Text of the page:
great value. Every author that could throw any Having thus summarily disposed of the light on the subject matter has been carefully histories, as they came out, we will glance, for consulted, and is quoted in the original at the a moment, at their composition. But here Mr. foot of the page. At the close of every book Prescott shall tell his own story. The author there is a brief memoir of any annalist whose himself could scarcely read at all, nor was he in labours are worthy of such mention. The same the commencement of his labours so fortunate plan can be remarked in Thiers's “ French as to obtain an assistant who was acquainted Revolution,” but not to such an extent. It is a with the Castilian idiom. Here it must be singular fact, that a copy of any of Prescott's remembered that many of the ancient chroniclers works can rarely be purchased except from a scarcely observed the rules of grammar and regular bookseller. orthography. The writer some time since Mr. Prescott was exceedingly methodical and translated one of Cervantes' stories, and was regular in the distribution of his time. He rose sometimes at a loss to extract the full meaning early, and walked five miles daily, preferring of a sentence. Words and phrases which then to be alone, as he commonly reflected on passed current in the sixteenth century the dictations made and authors heard the day are scarcely intelligible now. “I taught him, before ; five hours were devoted to literary (my reader)," says Prescott, “to pronounce the pursuits, and two to listening to the works of Spanish in a manner suited, I suspect, much some great novelist. Scott, Dumas, Dickens, more to my ear than that of a Spaniard. And or Sue were generally preferred. From the we began our wearisome journey through middle of November to the middle of June the Mariana's noble history. I cannot, even now, great author resided at No. 55 Beacon street, call to mind without a smile the tedious hours Boston, where he had accumulated a large and in which, seated under some old trees at iny | valuable library, particularly on American country residence, we pursued our slow and history and in foreign languages. In summer melancholy way over pages which afforded no he occasionally lived at Nahant, but during the glimmering of light to him, and from which the last years of his life the hotter months were light came dimly struggling to me through a spent at Swampscott. His books, however, half intelligible vocabulary; but in a few weeks accompanied him wherever he went, and his the light became stronger, and I was cheered by avocations were never changed. a consciousness of my own improvement. And His private character was unspotted and no when we had toiled our way through seven one could escape the influence of his genial fasquartos I found I could understand the book cination. His voice was particularly musical when read about two thirds as fast as ordinary | and his conversation instructive and witty, but English."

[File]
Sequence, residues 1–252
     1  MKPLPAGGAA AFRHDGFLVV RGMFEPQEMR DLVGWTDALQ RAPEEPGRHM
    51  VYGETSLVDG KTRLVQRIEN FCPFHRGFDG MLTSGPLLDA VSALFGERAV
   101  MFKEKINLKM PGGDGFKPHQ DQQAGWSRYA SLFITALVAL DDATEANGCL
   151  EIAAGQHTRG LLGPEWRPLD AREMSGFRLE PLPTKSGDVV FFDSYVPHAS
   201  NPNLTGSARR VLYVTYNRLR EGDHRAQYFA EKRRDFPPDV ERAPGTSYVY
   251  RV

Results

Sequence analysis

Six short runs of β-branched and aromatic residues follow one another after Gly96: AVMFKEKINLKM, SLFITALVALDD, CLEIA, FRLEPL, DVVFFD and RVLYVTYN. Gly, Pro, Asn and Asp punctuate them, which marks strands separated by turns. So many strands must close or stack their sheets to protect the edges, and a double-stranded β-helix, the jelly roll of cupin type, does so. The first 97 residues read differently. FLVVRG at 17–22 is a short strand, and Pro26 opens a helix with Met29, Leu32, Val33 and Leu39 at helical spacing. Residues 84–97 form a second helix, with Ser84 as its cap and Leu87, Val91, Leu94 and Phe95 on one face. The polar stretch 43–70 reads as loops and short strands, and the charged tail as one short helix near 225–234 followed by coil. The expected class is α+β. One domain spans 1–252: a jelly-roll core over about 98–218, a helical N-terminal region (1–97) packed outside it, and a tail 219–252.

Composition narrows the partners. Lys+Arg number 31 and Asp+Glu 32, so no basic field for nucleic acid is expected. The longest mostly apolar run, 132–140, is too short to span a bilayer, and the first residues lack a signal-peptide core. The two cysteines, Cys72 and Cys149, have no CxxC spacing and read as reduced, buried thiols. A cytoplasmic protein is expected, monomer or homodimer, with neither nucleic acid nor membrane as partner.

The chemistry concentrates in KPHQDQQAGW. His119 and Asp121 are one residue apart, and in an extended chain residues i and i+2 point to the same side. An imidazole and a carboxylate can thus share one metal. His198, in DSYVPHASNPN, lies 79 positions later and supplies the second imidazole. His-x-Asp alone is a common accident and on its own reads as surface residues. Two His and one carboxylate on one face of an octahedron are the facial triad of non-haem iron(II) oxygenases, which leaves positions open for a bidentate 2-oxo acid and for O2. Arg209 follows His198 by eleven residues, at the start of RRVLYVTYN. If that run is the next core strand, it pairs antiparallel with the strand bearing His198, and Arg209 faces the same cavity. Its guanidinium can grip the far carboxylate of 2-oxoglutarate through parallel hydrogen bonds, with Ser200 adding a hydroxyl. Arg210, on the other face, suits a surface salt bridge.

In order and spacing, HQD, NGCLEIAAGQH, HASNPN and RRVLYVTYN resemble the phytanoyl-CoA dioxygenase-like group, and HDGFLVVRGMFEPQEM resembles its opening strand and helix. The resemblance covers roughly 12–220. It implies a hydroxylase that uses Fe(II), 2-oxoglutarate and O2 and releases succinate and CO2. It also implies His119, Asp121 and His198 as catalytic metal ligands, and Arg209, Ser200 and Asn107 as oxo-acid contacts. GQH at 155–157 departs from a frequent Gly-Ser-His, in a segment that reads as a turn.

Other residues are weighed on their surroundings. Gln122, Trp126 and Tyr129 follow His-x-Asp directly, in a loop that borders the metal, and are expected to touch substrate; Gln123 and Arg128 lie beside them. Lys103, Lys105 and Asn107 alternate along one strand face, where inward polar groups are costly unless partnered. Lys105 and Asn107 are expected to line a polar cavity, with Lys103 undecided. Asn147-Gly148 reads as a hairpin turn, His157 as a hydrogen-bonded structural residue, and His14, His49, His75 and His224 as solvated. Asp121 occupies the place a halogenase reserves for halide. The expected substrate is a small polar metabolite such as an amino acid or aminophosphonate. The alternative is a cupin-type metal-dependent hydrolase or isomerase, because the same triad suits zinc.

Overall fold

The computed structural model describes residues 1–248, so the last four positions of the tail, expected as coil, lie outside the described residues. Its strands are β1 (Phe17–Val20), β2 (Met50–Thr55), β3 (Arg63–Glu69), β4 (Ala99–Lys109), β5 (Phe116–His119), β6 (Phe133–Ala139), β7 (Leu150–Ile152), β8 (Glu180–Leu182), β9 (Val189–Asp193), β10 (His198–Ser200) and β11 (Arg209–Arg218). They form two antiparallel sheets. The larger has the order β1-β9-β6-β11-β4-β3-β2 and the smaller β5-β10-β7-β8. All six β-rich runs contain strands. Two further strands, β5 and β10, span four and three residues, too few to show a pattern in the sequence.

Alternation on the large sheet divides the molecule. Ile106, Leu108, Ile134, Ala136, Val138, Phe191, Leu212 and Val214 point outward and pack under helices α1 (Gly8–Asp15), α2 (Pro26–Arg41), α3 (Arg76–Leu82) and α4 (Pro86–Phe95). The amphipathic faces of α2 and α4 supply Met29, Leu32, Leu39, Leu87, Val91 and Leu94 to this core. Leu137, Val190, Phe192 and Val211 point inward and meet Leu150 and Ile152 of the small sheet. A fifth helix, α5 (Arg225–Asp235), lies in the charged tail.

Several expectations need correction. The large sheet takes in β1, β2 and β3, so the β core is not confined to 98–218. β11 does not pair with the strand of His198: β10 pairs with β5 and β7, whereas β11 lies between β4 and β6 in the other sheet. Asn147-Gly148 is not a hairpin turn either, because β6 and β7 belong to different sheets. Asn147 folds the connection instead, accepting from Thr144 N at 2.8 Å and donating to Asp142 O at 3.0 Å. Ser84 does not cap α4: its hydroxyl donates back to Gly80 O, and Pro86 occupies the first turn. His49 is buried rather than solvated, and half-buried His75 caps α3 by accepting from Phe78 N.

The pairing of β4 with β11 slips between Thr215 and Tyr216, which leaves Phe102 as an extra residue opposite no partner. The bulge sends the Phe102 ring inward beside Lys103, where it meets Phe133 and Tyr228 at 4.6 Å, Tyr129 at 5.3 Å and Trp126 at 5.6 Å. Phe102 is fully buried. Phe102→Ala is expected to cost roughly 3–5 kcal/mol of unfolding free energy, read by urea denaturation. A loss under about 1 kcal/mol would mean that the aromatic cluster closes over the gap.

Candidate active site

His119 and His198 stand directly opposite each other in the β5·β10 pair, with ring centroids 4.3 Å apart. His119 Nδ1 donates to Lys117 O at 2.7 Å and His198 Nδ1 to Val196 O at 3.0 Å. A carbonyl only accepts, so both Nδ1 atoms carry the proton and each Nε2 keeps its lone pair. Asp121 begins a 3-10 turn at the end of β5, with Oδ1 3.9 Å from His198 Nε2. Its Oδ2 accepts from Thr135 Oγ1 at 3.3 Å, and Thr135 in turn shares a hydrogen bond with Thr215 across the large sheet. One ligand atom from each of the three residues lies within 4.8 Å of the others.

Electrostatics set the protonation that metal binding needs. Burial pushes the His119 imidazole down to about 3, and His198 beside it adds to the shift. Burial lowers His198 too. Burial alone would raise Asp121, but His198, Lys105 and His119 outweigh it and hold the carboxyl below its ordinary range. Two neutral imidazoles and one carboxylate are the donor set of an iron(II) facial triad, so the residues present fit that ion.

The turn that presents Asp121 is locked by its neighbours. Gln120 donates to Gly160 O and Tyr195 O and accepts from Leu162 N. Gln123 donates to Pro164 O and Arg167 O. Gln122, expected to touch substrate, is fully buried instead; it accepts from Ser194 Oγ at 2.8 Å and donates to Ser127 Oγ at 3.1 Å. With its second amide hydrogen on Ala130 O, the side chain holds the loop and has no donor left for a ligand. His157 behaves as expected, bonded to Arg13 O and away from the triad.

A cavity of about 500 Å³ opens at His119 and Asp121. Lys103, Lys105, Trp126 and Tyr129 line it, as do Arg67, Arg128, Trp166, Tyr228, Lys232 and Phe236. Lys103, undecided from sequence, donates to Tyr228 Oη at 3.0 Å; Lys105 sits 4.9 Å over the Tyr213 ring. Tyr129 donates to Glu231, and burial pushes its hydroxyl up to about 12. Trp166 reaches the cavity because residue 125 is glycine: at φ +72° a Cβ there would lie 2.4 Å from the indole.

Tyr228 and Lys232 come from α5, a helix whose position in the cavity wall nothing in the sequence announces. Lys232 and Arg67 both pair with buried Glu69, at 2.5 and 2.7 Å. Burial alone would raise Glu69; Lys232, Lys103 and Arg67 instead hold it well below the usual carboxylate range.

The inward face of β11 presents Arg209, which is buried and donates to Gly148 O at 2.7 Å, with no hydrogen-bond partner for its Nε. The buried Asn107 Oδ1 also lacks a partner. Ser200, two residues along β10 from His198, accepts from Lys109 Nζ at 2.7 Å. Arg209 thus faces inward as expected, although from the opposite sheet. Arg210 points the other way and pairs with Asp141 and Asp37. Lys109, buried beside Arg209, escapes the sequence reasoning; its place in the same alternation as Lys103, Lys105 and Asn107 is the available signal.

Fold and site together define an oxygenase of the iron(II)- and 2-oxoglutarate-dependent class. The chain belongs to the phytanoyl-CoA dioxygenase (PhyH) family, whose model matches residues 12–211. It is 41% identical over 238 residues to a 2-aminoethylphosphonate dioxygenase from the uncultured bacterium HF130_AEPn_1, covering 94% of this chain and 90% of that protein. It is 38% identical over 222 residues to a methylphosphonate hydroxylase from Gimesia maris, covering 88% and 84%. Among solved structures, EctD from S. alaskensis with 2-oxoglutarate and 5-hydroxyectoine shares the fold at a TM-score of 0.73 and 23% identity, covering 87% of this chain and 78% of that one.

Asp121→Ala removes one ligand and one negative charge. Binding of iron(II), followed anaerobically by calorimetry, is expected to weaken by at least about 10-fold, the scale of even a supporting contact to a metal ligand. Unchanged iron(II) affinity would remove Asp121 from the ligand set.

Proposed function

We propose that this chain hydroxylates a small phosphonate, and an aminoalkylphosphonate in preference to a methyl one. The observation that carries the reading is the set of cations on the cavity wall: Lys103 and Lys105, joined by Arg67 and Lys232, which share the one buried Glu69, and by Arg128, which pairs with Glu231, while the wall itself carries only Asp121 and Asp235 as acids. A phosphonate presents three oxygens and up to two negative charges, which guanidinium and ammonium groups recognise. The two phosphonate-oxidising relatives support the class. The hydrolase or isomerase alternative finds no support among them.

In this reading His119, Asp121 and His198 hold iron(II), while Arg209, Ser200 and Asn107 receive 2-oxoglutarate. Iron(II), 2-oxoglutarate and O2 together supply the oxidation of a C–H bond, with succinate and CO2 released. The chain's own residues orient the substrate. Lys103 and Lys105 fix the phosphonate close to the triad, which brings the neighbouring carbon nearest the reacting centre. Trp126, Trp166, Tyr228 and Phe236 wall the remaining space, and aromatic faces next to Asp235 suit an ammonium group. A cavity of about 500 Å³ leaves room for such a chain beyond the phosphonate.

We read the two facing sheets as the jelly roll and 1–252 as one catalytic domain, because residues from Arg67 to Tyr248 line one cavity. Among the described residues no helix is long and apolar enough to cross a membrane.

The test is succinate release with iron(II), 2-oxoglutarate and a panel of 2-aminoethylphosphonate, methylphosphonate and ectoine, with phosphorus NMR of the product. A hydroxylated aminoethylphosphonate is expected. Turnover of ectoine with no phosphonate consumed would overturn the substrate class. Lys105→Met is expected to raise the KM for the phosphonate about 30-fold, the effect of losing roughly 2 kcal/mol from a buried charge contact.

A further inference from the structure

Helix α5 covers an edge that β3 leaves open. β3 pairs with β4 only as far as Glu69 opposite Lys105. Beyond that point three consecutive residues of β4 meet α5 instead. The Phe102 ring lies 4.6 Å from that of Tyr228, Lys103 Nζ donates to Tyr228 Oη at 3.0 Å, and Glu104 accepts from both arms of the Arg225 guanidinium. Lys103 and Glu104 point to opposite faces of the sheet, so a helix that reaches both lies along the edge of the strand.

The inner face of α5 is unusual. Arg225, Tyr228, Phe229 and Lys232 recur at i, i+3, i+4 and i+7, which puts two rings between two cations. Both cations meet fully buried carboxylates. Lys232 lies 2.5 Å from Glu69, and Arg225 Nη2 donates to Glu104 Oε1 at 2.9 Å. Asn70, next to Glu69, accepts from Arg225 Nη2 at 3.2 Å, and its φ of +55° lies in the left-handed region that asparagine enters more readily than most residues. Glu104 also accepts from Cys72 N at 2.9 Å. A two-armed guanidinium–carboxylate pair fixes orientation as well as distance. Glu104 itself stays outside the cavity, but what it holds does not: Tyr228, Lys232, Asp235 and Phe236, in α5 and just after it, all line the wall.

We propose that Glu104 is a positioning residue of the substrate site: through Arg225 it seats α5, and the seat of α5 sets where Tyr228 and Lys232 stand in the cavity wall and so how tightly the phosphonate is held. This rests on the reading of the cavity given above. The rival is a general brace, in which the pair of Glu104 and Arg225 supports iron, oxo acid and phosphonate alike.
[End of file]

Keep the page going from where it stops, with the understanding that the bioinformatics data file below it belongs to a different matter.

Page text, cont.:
never pedantic. His general disposition was This was but the beginning; the next difficully playful, but marked by a vein of seriousness. was to transfer the matter to paper. The books He was exceedingly liberal, and one tenth of his and manuscripts were read till their contents income was set aside for charitable purposes. were impressed on the memory; and a frame He was tall and slender, with a florid complexion, about the size of a quarto sheet of letter paper and an exceedingly agreeable countenance. He died of paralysis, on the twentieth of January, kindness of disposition not only into his public 1859.